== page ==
Voronoi: position


what is the position output of node voronoi for?


Blender documentation:


Position of feature point.

I already read the manual.
I still didn’t understand.

Is there any other material that talks about this?
preferably with example images?


Plug it into the output node of a shader tree. Now you have a reference image.

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It very literally returns the positions of the Voronoi cells. There’s no way to break it down further than that

There are some “random” points called “Feature points”. Segments are drawn around FPs.
For example, picture “Distance” in docs represents the distance between current and closest FP as colors (from black to white, from 0 to 1).
As I can see, output “Position” “fills” every segment with value representing the position of its FP. As blender can show some values as colors, if you plug it into Color input, the result will be segments of colors representing its FP position on that color space (it’s like matrix where every position has its own color).


but in practice: how can we use the position output?


Depends on the use case and what you’re trying to accomplish. At the broadest level, it’s a way for Voronoi cells to have sharp edges instead of blurred boundaries. In practice, that doesn’t really mean anything. You’ll be best served by playing around with Position vs Distance in your procedural materials and seeing what works for which case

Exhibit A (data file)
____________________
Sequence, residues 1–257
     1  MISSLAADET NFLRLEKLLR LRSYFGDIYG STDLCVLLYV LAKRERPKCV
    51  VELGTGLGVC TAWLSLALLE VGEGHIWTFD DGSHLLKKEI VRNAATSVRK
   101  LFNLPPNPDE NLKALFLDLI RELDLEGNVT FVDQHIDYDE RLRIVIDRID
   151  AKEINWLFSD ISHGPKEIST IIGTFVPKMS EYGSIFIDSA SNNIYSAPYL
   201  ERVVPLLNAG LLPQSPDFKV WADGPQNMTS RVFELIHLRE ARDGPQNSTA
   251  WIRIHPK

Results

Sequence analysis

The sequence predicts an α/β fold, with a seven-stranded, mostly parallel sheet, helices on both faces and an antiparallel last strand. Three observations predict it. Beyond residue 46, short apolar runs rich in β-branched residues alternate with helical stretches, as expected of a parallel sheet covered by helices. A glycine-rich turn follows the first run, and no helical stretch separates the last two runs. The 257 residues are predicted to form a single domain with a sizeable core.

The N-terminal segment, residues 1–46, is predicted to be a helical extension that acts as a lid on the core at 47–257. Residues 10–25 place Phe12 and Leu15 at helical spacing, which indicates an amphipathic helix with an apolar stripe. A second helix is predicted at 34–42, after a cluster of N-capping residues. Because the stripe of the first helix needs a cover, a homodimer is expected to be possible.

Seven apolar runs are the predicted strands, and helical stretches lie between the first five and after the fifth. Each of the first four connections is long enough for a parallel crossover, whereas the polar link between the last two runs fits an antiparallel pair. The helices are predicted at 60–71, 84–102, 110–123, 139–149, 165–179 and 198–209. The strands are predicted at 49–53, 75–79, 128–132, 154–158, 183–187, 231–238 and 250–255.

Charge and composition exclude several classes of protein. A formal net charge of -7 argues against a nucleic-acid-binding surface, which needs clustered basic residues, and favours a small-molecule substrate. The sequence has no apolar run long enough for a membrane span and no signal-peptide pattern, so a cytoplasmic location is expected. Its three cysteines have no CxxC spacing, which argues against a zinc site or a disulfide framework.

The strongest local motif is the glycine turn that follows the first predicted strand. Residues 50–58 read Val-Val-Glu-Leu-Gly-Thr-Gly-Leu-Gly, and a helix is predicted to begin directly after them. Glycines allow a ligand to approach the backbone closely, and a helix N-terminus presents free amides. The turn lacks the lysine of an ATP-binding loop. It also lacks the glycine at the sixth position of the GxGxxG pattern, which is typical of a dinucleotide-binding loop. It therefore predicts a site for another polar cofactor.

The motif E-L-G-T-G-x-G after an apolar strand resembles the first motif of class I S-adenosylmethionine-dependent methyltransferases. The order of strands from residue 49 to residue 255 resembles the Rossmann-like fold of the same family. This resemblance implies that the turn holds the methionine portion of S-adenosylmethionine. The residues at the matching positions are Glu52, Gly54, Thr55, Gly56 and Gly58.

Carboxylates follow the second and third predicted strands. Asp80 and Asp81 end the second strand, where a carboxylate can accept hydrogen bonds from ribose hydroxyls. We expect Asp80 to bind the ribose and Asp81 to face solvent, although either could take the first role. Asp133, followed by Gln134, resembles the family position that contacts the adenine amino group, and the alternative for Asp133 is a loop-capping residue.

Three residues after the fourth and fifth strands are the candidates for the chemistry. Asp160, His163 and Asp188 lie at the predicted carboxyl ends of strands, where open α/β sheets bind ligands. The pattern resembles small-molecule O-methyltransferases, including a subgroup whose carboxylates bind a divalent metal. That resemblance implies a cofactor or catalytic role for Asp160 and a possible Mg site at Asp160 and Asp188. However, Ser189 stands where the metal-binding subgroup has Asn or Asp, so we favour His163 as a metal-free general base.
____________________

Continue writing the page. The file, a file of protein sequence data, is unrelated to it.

this output position when connected to the vector channel can produce tile ?

thank you again

You can use it to make a mosaic tile or stained glass type shader:


In other words… “why would I use this?” Is it great for fruits and vegies?. Motorized vehicles? That nasty yellow drip in my eye?

This is precisely the kind of example I advocate for inclusion in the Blender manual. It’s a simple, clear use case, that does infinitely better than a line of (often obscure) text. In this case the Voronoi page isn’t bad at all, but it could use your capture as a way to illustrate the position output.


A very good application of that feature :

But it’s not limited to that , you can do a lot of different things but it’s easier to have ideas once you’re familiar with procedural texturing.


Here is one example - possibly the easiest way to do a LED display:

by setting randomness to 0. Not the full shader but what would control emission part.
I’m using a very coarse resolution so that the idea shows up better.
You could use modulo and snap, but then you’d have to do distance based stuff separately.


A post was split to a new topic: Cycles shader node edge (not cavity)

If you add some vector based X shapes in there, with waves going inside, you can make a cross-stitch, gobelin like wall carpet, that can look really great with some cc0 medieval pictures, like the Bayeaux carpet, even tho, you can do it simply from a coordinate system as well, I guess :grin:

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In Erindale’s shader (and geo-nodes) tutorials you can see he’s usually prepping for those kinds of outputs since they are generally very useful. Either for staggered texturing like above, or as a mean to obtain random values which is something I use pretty much all the time.

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Ideed, Erindale came to my mind as well😁